Advocacy, 5Pointz, and dealing with kneejerk criticism

I had a few pieces in Curbed NY this week, which explains in part my silence here. The first, which required some sifting through microfilm, was a history of New York rental ads, showing a cyclical pattern in their verbosity.

The second compared the 5Pointz whitewashing with the near-destruction of Castle Clinton at the hand of Robert Moses. I pitched it as a cool historical parallel: a person in power rushing to eradicate something before it could be protected by law. The editors liked the angle and ran with it.

I had charged head-on into a sensitive topic, so I was unsurprised that the piece attracted a lot of comments. What did surprise me is that almost every commenter called for my head: it’s a false comparison, that’s ridiculous, yada yada yada.

Artist at work at 5Pointz, May 2013.

Artist at work at 5Pointz, May 2013.

I thought I did a great job being cautious. I didn’t claim 5Pointz should be made a monument; I didn’t even chime in as to whether the graffiti were art. Nor did I make an assertion that 5Pointz and Castle Clinton were equally valuable.

Was my thesis fundamentally flawed? Or did I just tap a raw nerve among people who have no better place to vent?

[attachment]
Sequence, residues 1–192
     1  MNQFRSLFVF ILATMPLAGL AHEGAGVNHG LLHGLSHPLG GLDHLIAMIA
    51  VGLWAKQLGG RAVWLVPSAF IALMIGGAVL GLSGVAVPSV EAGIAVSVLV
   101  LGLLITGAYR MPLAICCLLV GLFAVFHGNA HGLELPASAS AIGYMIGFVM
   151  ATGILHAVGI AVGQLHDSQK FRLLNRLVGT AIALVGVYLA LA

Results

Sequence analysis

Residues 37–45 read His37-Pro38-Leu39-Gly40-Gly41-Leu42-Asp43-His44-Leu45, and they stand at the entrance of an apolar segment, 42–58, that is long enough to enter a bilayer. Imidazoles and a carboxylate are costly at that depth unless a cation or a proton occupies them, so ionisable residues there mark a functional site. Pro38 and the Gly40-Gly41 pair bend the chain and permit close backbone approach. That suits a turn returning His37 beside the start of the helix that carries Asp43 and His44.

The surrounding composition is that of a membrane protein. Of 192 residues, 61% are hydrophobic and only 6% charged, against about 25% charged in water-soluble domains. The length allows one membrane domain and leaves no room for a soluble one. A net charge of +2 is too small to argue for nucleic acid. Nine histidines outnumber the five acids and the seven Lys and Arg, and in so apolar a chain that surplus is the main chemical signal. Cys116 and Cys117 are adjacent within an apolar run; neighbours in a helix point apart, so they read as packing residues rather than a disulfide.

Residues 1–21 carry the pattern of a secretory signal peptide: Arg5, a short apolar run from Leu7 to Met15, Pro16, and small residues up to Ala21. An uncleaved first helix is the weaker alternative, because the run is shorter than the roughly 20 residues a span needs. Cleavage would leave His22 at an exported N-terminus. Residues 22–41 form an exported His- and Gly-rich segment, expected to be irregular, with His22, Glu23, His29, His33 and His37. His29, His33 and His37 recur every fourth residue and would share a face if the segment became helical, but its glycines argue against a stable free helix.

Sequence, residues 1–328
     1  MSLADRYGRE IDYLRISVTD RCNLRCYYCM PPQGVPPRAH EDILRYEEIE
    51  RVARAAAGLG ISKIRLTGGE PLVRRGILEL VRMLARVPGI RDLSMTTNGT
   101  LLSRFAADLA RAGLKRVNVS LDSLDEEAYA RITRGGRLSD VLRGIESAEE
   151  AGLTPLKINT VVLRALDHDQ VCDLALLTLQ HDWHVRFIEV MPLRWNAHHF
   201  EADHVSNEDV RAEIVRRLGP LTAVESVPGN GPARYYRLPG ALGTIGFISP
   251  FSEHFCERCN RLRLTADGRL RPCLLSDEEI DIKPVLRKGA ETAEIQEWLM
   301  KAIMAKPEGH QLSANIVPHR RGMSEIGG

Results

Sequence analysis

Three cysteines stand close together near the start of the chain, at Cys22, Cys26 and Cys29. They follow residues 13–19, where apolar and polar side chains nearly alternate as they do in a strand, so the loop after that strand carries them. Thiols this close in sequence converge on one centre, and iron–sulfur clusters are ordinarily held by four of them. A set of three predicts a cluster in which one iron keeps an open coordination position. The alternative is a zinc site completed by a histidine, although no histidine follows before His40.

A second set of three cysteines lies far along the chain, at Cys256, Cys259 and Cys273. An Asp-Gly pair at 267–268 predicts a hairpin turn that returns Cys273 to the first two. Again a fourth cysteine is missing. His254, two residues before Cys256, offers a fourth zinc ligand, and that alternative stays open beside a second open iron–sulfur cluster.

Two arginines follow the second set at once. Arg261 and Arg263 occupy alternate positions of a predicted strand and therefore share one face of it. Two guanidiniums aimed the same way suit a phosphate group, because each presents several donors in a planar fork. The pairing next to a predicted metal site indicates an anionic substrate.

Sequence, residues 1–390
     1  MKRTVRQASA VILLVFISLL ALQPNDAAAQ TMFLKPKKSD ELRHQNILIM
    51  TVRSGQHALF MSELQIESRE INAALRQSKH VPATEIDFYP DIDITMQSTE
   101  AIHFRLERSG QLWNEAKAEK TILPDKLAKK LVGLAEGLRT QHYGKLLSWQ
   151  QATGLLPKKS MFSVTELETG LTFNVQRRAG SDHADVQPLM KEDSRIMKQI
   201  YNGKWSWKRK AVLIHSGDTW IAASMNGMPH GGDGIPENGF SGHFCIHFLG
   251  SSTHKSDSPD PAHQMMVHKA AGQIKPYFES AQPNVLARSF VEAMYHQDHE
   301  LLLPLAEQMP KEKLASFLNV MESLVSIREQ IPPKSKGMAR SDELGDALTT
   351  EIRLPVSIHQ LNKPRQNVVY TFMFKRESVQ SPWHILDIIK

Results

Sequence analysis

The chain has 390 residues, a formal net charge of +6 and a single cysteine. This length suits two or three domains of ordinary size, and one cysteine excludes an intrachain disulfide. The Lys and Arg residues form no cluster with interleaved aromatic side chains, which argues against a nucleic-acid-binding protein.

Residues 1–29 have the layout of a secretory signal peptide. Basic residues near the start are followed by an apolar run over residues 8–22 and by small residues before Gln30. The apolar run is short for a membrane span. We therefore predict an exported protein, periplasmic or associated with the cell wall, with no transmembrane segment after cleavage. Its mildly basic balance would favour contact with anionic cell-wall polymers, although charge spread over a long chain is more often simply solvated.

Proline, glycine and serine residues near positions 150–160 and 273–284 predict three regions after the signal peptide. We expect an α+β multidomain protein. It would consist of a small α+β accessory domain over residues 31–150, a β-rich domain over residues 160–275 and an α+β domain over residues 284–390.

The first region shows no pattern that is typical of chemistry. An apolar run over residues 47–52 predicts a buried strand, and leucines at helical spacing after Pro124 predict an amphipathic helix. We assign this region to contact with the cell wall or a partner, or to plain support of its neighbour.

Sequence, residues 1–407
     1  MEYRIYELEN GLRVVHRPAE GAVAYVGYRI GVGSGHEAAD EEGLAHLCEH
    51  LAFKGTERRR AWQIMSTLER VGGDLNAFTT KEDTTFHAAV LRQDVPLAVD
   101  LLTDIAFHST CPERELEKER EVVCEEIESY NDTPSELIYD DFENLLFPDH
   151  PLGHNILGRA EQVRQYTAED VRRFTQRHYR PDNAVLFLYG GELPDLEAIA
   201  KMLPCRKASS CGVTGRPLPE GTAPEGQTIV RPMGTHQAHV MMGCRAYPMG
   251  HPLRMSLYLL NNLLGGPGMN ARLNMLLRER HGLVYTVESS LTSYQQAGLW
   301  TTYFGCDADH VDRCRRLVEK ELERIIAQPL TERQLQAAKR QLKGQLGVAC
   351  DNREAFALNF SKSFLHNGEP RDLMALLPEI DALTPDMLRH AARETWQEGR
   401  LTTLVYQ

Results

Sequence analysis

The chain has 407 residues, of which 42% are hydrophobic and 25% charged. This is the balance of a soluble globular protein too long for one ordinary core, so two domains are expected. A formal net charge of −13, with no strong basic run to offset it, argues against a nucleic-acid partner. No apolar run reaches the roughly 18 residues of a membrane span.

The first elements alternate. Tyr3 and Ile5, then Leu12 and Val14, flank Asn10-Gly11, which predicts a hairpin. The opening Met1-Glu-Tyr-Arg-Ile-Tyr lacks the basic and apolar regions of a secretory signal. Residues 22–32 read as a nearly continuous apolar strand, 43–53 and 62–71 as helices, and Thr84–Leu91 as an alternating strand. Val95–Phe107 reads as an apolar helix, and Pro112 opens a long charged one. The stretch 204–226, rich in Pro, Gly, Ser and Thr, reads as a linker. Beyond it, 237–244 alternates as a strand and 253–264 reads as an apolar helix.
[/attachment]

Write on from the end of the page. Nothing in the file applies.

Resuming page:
A few years ago I would have been heartbroken by the response, regardless of the answer. Why are these people mad at me? I must be worthless. I should just give up. But I spent a lot of time studying Epictetus, Marcus Aurelius, Seneca, and their fellow Stoics. The result: I now see my own actions the gauge of my value. Certainly not the irrational, off-topic reactions of others.

Becoming more vocal in my advocacy for livable streets was a huge test – and strengthening – of that mindset. As an advocate, you can’t focus on outcome; you’d quickly fold under the negativity of people who are scared of change, and under the frustration of rarely getting positive results. You look instead at process. Could I have done better? What should I do differently next time?

This is why I actively seek feedback. Judging your own approach is like editing your own writing: you’re so used to it that you’re probably going to miss a few mistakes. Maybe the facts in my piece were unassailable, but I failed to package the argument properly. It’s hard, however, to get good constructive criticism when emotions are high.

I did feel a bit of vindication when a judge said just a few hours later that the Wolkoffs might have to pay a lot of money as reparations for their deed, because the graffiti might have been eligible for protection. And in the comments to that summary on Curbed, those same haters are saying the same things.

I’m starting to think I was right all along. But had I let others dictate my emotions, I would never have entertained that possibility.

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